OpenShift 4: Streamlining RHEL as Kubernetes-native OS

Been a while since I’ve blogged here, going to try to do so more often!  For quite a while now in the CoreOS group at Red Hat I’ve been part of a team working to create RHEL CoreOS, the cluster-managed operating system that forms a base of the just-released OpenShift 4.

With OpenShift 4 and RHEL CoreOS, we have created a project called machine-config-operator – but I like to think of it as the “RHEL CoreOS operator”.  This is a fusion of technologies that came from the CoreOS acquisition (Container Linux, Tectonic) along with parts of RHEL Atomic Host, but with a lot of brand new code as well.

What the MCO (machine-config-operator) does is pair with RHEL CoreOS to manage operating system updates as well as configuration in a way that makes the OS feel like a Kubernetes component.

This is a radically different approach than the OpenShift 3.x days, where the mental model was to provision + configure the OS (and container runtime), then provision a cluster on top.   With OpenShift 4 using RHCOS and the MCO, the cluster controls the OS.

If you haven’t yet, I encourage you to dive right in and play around with some of the example commands from the docs as well as examples from the upstream repository.  There is also my Devconf.cz 2019 talk (slightly dated now).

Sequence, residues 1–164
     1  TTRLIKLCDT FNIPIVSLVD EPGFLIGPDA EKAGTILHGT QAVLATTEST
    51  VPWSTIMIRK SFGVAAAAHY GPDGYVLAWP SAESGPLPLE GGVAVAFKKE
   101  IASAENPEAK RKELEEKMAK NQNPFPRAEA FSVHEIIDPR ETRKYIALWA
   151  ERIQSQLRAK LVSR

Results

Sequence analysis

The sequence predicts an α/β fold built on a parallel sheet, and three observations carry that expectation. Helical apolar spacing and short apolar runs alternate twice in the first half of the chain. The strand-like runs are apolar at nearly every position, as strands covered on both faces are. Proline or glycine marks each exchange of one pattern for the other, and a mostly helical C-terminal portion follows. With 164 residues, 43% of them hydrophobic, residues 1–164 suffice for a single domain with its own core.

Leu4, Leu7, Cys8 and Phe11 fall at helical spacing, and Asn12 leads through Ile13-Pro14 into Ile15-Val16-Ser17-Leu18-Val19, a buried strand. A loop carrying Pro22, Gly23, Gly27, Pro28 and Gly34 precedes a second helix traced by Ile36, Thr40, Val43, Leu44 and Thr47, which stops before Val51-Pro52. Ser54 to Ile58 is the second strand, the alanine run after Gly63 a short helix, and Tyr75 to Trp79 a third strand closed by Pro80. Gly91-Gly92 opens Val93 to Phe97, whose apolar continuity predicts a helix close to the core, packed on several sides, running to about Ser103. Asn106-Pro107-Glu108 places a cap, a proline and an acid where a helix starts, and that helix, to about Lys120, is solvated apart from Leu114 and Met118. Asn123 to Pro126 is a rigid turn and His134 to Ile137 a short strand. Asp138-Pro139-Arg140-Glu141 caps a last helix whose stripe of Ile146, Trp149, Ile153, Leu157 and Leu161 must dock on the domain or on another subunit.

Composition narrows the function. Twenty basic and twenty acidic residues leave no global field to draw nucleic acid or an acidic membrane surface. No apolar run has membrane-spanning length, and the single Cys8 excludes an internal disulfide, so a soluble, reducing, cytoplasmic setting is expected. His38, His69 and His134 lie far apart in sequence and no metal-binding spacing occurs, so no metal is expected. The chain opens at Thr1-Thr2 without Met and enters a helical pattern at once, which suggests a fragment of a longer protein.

The release of 4.1 of course is just a beginning – there’s a whole lot more to do to bridge the worlds of the “traditional” operating system and Kubernetes/OpenShift.  For example, in git master of the MCO (for the next release after 4.1) we landed support for kernel arguments.  I think it’s quite cool to be able to e.g. oc edit machineconfig/50-nosmt, change the KernelArguments field in the MachineConfig CRD, add e.g. nosmt (or any other karg) and watch that change incrementally roll out across the cluster, reconciling the OS state just like any other Kubernetes object.

The links above have lots more detail for those interested in learning more – I’ll just link again operating system updates as I think that one is particularly interesting.

This release of OpenShift 4.1 is laying a powerful new foundation for things to come, and I’m really proud of what the teams have accomplished!

 


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